In recent months, Norwood Promotional Products has settled a lawsuit with its distributors, lost its CEO, put itself up for sale, and then taken itself off the block. Last week, the 2,000-employee company announced plant closings in Iowa and Pennsylvania.
The swirl of activity is no cause for concern, according to Norwood officials, who say the No. 2 player in the promotional products industry is doing fine and will stay in Indianapolis.
The privately held company-known for making customized products like awards and coffee cups emblazoned with company logos-has had its headquarters downtown since then-CEO Tom Roller moved the firm here from Austin, Texas, in September 2003.
Despite Roller's sudden departure last month in what sources close to the company call a managerial disagreement with board members and investors, the company has a bright future here, Norwood spokeswoman Allison Avin said.
Ten days after announcing Roller was out, Norwood said it had taken itself off the market after exploring sale options for months. Company officials declined to comment on reasons for Roller's departure, and he could not be reached.
"The decision to conclude the sale process represents a renewed opportunity for Norwood to expand its growth strategy by increasing its focus on existing customers, new products and new markets," Frank Bellis, a Norwood board member appointed interim CEO, said in a statement.
Norwood is owned by 38 investors. The company said it began exploring ownership options in early 2005. Last summer, it hired New York-based consulting firm Alix Partners to examine structural efficiencies and New York-based investment banking firm Goldman Sachs to consider buyout offers.
Most players in the promotional products business are relatively small independents, said Joe Batic, vice president for Buztronics, an Indianapolis-based maker of promotional products and various gizmos. He said Norwood is one of the few firms that has grown through acquisition.
Those acquisitions helped swell Norwood's annual revenue to $380 million in 2004, second only to Pennsylvaniabased apparel specialist Broder Bros. Co., according to the Pennsylvania-based Advertising Specialty Institute.
Since moving to Indianapolis, Norwood has increased employment here from 80 to 200. Employment elsewhere in the United States and in three plants in China is about 1,800.
ASI officials said the promotionalproducts industry grew nearly 6 percent in 2004 and about another 8 percent in 2005. Norwood hasn't released 2005 revenue, but Avin said it posted a smaller increase than the industry. She said the company expects significant growth this year.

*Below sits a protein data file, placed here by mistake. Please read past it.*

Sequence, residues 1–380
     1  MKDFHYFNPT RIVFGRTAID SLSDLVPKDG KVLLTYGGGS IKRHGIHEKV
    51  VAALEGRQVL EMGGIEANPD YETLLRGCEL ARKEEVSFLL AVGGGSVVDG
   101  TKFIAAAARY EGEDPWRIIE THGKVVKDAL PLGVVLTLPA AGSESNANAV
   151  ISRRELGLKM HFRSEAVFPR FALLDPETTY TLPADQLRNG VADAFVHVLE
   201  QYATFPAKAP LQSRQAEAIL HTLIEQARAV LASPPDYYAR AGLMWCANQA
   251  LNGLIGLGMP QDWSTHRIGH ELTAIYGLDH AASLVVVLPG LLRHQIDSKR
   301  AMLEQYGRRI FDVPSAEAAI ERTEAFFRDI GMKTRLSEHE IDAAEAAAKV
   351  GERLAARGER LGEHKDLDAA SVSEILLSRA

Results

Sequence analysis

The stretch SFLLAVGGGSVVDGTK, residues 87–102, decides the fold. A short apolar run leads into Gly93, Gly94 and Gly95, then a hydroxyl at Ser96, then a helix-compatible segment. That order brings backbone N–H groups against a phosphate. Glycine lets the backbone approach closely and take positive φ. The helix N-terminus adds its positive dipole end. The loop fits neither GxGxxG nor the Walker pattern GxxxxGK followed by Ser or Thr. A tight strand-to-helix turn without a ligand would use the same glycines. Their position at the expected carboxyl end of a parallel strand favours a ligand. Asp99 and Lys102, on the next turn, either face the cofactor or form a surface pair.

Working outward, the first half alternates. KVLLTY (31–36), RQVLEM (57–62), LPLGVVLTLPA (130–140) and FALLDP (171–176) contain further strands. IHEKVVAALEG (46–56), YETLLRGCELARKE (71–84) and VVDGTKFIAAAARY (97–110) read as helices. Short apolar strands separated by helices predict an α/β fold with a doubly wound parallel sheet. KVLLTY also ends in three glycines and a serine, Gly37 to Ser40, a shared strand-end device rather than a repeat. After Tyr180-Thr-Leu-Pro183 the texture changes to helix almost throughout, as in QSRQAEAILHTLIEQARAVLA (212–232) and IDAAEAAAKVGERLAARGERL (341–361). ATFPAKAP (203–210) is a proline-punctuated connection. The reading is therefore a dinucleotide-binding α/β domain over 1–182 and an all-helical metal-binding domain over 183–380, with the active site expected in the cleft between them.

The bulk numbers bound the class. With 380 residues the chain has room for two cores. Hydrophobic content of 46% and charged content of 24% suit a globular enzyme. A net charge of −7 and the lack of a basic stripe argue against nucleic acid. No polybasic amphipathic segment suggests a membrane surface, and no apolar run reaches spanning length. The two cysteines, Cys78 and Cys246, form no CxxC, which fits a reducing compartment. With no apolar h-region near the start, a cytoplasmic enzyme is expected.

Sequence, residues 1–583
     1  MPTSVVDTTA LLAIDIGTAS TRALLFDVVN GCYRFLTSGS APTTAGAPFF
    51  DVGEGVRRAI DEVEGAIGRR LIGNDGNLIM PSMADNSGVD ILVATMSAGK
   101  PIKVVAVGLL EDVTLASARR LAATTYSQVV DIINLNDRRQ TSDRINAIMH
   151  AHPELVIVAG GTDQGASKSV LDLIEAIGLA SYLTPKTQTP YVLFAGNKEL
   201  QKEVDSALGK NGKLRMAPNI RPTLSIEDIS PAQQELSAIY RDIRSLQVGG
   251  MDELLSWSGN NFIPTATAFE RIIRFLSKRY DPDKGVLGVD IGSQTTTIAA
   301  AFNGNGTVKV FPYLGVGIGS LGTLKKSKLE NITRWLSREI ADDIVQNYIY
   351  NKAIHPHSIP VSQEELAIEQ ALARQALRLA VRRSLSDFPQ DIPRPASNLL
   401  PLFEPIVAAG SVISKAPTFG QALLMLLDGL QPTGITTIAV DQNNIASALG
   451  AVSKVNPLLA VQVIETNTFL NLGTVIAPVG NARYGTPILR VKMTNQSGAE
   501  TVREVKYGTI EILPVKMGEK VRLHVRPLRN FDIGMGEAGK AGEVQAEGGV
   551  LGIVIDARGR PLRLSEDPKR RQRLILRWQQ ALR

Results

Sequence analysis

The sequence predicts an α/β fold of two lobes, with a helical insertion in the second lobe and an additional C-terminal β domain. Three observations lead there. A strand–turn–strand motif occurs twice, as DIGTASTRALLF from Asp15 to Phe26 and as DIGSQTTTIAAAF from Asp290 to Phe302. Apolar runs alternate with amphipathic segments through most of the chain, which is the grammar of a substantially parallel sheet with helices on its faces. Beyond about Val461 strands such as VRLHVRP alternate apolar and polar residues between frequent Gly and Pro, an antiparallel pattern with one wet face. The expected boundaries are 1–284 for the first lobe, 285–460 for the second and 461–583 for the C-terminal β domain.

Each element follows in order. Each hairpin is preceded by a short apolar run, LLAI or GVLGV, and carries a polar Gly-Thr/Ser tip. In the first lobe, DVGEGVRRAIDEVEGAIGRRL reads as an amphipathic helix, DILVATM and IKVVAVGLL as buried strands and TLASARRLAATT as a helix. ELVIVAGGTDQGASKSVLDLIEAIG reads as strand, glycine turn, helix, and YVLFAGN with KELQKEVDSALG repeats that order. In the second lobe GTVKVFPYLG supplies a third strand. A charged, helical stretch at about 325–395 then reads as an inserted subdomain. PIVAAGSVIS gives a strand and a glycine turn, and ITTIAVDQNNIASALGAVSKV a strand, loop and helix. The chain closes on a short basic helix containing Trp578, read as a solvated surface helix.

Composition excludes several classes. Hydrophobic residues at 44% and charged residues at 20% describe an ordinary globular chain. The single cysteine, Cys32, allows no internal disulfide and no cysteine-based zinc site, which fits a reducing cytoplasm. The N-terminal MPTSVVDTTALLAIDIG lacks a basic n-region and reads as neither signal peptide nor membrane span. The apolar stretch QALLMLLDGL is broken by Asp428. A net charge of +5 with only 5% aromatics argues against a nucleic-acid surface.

Court papers in a lawsuit show Norwood has struggled in recent years with frayed relations with its distributors, who contended the company was selling directly to end-users, violating standard industry practice.
After several major distributors boycotted Norwood, the company filed an antitrust lawsuit in federal court in Indianapolis in March 2004; the parties completed a settlement last June and agreed to try to get along.
Product designers and manufacturers, such as Norwood and Buztronics, usually sell en masse to distributors. The distributors then work with corporations and other customers to take orders and bring customized products to market.
"It seemed like they were playing both sides of the fence," Batic said.
Norwood officials denied they were doing an end run around distributors.
"Some of the distributors were really displeased with Norwood, but those differences got resolved," ASI President Timothy Andrews said.
Avin scoffed at suggestions Norwood is in turmoil. Roller's departure was "amicable," she said, and the plant closures in Iowa and Pennsylvania will make the company more efficient.
"We were doing operations in those plants that we can do elsewhere, and in one case we were manufacturing the exact same product we were in another plant," Avin said.
Still, some of the moves have surprised observers familiar with the company. For example, city economic developers, who ballyhooed the relocation of Norwood here in 2003, were mystified at Roller's departure.
"I was extremely surprised when [Roller] stepped down," said Jeb Conrad, executive director of the Indy Partnership. Despite Roller's position on the Indy Partnership board, Conrad said he received no warning of his departure.
"I expect to talk to him soon to discuss his future involvement with the Indy Partnership," he said.
Roller is no stranger to the central Indiana business community. After becoming CEO of Fruehauf Trailer Corp. in the early 1990s, he moved the company's headquarters here from suburban Detroit. The company later filed for bankruptcy court protection and sold its assets piecemeal. He'd been CEO of Norwood since 2002.
As Norwood searches for a new CEO, it is steaming ahead with its business plan.
At the recent ASI trade show in Orlando, Norwood unveiled 10 products, including a desktop punching bag stress reliever and a game-day survival kit that includes a fanny pack, sunglasses, poncho, disposable camera, insect repellant, bandages, moist towellette, sunblock and aloe vera.
"While they've made some surprising moves, this appears to be a strong company that's carved out a great niche," Conrad said. "We've had no indication there's anything to be concerned about regarding their operation."
Andrews isn't surprised the company has shifted gears. Finding a buyer, he said, was a tall order, given that Norwood towers over every company in its industry but one.
"Any acquisition would likely have had to come from investors outside this industry, and that can be a daunting proposition entering a field you know little about," Andrews said.